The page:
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Location: Manning Provincial Park, British Columbia
Elevation: 2,408 metres (east summit and officially named summit)
Range: North Cascades
Candidate: #49

When I was growing up, Manning Park was a popular place to camp with my family. Only three hours away by car, the Lightning Lake campsite was our usual spot because we had a canoe and always included a paddle on the lake in our outdoor experience. Forested mountains surround the lake and from certain viewpoints Frosty Mountain’s bare rocky peak can be seen above all others.

Though I have regrettably never climbed it, there is a good trail from Lightning Lake leading to Camp Frosty where tents can be pitched. There’s a very nice family hike account of the climb to the camp and the summit here. As with many hikes in Canada, there are a number of switchbacks up the steeper parts and near the rocky summit the path becomes somewhat dangerous due to the amount of loose rock. The course goes through forest, sub-alpine, and alpine to the summit. The length is 22.2 km from Lightning Lakes and is said to take 9 hours round trip for those who don’t camp on the mountain. Worthy of mention is a stand of larch trees that are said to be among the oldest in Canada, dating back some 2,000 years!

An interesting note about the summit elevation: Frosty Mountain has actually two summits and the lower east summit is the one labelled “Frosty Mountain” on the map, according to bivouac.com. The west summit is slightly higher, reaching 2,426 metres (or 2,423 metres depending on the web site) and it is labelled “7950” on the map. The family account mentioned above shows a photo on the summit with the marker in the photo reading “2,408 m”. Frosty Mountain is the highest peak within Manning Provincial Park.

The mountain is composed of up-thrust sedimentary rock from the ancient Methow Ocean. On a train near Lightning Lake, there is a sign mentioning fossils on the area. I happened to once find a good sized chunk of rock full of black seashell fossils there.

Sources:

Frosty Mountain hike

E.C. Manning Provincial Park

Club Tread

Hike Chilliwack

Bivouac

Photos:

Flickr 100 Mountains of Canada

Next: Mount Cheam

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Location: Golden Ears Provincial Park, British Columbia
Elevation: 1,716 metres
Range: Coast Mountains, Garibaldi Ranges
Candidate: #48

One of those mountains that stand out from all the visible peaks of around the Fraser Valley is Golden Ears Mountain and its sub-peaks of Edge Peak and the Blanshard Needle. Together, the three peaks provide a beautiful backdrop to so many typical Fraser Valley scenes. When the Fraser Valley Real Estate Board asked me to shoot an instantly recognizable Fraser Valley view, I gave them a shot of Golden Ears standing behind a new housing estate and they used it on the cover of a publication. I made four attempts to climb the mountain but only made it on the fourth because the previous attempts had been too early in the year and I was not prepared for snow. I reached the summit in clouds and failed to see the view over the Fraser Valley. But Golden Ears Mountain has always been one of the mountains that drew my eye for so many years of my life.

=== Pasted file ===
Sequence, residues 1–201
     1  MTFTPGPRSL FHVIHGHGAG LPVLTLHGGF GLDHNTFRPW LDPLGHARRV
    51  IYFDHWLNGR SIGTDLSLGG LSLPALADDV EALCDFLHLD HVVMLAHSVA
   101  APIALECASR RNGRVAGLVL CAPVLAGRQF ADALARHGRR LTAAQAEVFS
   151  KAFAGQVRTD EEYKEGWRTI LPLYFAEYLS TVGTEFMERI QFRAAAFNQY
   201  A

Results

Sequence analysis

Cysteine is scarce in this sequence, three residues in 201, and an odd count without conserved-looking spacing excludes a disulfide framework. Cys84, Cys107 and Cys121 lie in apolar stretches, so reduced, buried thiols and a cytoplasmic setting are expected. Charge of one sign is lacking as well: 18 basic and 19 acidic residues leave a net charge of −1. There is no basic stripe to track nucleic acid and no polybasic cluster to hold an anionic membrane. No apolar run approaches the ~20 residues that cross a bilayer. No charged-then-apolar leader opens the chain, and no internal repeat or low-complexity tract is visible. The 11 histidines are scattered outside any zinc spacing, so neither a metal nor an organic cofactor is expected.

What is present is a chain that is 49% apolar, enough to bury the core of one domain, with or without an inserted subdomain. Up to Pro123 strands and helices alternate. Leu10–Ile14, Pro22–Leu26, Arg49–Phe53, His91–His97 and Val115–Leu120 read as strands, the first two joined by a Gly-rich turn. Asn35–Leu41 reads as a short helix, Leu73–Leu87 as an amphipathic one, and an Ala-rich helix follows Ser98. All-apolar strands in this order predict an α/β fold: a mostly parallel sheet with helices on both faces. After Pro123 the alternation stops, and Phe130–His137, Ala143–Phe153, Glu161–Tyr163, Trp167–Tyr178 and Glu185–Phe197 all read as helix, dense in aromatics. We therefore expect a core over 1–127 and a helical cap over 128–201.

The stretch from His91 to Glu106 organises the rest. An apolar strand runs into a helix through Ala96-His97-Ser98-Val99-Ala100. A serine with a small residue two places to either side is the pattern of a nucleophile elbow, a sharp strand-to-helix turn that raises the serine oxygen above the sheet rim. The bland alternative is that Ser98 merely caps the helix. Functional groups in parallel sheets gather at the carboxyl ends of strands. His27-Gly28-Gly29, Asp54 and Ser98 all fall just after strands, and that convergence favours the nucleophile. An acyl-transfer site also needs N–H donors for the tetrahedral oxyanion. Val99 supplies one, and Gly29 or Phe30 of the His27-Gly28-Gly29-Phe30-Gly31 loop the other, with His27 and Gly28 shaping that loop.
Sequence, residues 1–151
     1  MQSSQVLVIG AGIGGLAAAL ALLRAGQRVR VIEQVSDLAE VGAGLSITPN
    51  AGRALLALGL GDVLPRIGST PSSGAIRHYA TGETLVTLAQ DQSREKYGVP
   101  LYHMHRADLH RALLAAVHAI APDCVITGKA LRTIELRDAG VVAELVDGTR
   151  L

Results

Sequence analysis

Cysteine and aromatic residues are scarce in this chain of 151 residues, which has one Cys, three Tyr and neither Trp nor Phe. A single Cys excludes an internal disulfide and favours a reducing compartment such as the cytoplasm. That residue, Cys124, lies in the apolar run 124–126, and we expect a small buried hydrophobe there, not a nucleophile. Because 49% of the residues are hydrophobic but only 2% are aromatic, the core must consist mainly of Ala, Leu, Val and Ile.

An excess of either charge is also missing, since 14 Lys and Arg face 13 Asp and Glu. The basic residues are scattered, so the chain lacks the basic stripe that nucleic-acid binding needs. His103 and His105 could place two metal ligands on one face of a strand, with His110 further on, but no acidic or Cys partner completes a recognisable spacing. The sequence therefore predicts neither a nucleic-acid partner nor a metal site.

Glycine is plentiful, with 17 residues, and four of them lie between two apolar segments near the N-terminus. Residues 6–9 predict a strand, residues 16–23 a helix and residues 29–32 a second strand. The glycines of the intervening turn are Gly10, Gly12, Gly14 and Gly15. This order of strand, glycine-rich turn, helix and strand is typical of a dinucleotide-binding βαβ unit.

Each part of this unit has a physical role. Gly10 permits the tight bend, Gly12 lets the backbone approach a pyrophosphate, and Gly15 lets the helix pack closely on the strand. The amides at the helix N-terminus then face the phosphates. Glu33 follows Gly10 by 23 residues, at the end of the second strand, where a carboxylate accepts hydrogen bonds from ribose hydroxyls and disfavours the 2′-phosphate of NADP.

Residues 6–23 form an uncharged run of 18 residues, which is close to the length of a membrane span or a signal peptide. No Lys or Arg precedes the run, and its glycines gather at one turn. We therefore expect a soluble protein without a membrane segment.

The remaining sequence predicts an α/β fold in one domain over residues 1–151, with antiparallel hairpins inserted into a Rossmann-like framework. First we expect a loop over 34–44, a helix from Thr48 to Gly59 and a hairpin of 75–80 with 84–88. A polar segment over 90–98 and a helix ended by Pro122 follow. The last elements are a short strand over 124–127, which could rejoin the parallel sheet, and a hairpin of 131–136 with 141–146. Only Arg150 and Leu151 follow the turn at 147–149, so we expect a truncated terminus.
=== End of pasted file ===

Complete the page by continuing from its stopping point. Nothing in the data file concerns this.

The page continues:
Golden Ears is only 1,716 metres high but it rises up from the Fraser Valley and has a prominence of 1,002 metres! The original English name was Golden Eyries, probably for the eagles that were often seen soaring in the area. At first the whole area was called the Golden Eyries but later the area was called Mt. Blanshard and the Golden Eyries was corrupted to Golden Ears, the name given to the highest peak with the twin summits. Some people suggest that the two summits appear golden when they catch the light of the setting sun.

The mountain is the highpoint between Pitt Lake and Gold Creek and because it is visible from almost anywhere in the Greater Vancouver Area, it is also a popular hiking destination. A trail with a 1,500 metre elevation gain follows Gold Creek and partway up there is a tenting area in the Alder Flats. An emergency shelter sits further up the mountain. The last stretch to the summit requires a little scrambling. The mountain was first climbed in 1911 by a BCMC party.

Golden Ears1

Sources:

Wikipedia

Bivouac

Summitpost

Photos:

Flickr 100 Mountains of Canada

Next: Frosty Mountain

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Moving On…

The Rocky Mountains have so many beautiful peaks to add to this list. However, I have been eager to move on to other parts of Canada and I am now looking at the mountains closest to my “home” in Southwestern British Columbia. The first post is ready and I will be looking at nearly a dozen mountains in the area and nearby ranges. So, for now, we will leave the Rockies behind.